New York Senator Hillary Clinton has always looked like a good bet to win re-election in 2006 -- probably by a margin wide enough to jumpstart the 2008 presidential campaign that many Democrats want the former First Lady to make.
With the decision of Westchester County District Attorney Jeanine Pirro to seek the Republican nomination to challenge her, however, Clinton's fortunes have taken a dramatic turn for the better.
Pirro, a hyper-ambitious publicity hound who frequently turns up on the Fox News Channel as a "legal affairs" commentator, had been weighing races for governor, attorney general or Clinton's Senate seat. With the fortunes of the state Republican Party in decline (even the conservative New York Post says that "New York's GOP is withering -- fast"), Pirro was unlikely to win any of those posts. So she opted for the showcase contest: a challenge to the woman Republicans around the country love to hate. Pirro's announcement garnered homestate headlines, enthusiastic coverage on Fox and conservative talk radio and promises of hefty campaign contribution checks from Hillary-haters nationwide.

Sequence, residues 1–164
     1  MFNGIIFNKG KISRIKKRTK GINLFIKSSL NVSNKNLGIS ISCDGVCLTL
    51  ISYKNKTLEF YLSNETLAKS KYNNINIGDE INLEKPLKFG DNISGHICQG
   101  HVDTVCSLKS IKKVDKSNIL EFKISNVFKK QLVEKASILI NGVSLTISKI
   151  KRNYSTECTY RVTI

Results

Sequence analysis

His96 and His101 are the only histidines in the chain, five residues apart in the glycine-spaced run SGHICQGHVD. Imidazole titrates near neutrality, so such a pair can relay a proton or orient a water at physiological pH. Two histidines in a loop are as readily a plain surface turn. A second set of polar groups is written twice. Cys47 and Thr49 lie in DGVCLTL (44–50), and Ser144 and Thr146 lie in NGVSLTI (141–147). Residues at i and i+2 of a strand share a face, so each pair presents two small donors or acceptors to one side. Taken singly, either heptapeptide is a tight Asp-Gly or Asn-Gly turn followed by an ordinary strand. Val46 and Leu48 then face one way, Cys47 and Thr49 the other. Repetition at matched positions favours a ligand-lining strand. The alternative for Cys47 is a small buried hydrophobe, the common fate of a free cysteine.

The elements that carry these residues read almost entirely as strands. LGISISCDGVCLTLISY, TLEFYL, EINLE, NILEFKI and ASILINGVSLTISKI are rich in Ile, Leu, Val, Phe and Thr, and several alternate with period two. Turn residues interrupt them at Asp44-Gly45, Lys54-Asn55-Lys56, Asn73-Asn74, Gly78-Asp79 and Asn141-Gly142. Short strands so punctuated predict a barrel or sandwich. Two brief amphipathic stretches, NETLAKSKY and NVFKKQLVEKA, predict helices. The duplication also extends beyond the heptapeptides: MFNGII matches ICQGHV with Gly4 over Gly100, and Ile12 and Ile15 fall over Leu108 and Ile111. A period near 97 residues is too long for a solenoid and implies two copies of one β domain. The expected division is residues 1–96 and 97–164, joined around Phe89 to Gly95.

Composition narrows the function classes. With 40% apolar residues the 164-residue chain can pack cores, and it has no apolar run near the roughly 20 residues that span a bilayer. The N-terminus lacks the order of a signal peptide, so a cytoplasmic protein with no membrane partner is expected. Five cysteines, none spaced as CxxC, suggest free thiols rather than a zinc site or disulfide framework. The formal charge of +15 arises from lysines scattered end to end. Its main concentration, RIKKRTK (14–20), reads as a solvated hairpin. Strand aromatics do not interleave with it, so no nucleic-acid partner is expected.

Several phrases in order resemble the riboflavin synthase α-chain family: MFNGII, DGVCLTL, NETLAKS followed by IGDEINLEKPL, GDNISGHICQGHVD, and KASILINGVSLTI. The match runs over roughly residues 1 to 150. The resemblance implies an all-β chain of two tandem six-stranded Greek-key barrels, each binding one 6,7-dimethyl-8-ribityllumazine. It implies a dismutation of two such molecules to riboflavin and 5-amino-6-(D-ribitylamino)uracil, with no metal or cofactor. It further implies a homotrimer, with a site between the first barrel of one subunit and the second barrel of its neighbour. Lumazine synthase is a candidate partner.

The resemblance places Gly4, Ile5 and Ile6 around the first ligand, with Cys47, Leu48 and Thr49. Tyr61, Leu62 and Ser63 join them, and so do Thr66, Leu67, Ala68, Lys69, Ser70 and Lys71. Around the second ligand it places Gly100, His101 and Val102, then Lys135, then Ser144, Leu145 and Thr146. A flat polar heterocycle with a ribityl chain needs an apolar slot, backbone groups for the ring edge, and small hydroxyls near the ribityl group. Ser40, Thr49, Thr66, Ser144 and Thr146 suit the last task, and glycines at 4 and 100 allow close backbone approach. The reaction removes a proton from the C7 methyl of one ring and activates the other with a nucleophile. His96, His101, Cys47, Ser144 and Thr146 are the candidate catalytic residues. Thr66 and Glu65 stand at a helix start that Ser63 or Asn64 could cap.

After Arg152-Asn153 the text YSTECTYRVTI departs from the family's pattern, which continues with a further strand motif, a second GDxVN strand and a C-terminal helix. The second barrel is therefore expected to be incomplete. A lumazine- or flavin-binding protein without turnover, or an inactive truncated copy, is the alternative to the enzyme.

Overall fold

But, as the Post admitted, the Pirro campaign is "not one (Clinton's) likely to lose sleep over."
Pirro supports abortion rights and reproductive freedom. She's for civil unions and other gay rights measures. She favors affirmative action and opposes the strict immigration quotas favored by Congressional conservatives. She's a big backer of gun control. And she's been enthusiastic about precisely the sort of "big-government" solutions to child-welfare and community issues that Republicans condemn Clinton for promoting.
In other words, Pirro is more of a Rockefeller Republican than a Reaganite. Yet, in an era of sharper-than-ever partisan divisions, Pirro will attract few if any votes from moderate-to-liberal New Yorkers who have sent clear signals that they do not want to give aid and comfort to President Bush and Congressional Republicans. Don't forget that Bush lost New York State by more than 1,350,000 votes in 2004. In the same year, Democratic Senator Chuck Schumer was re-elected with 71 percent of the vote and the GOP suffered a rare loss of a House seat in the Buffalo area while several of its House incumbents, such as upstater Tom Reynolds, saw their victory margins slashed.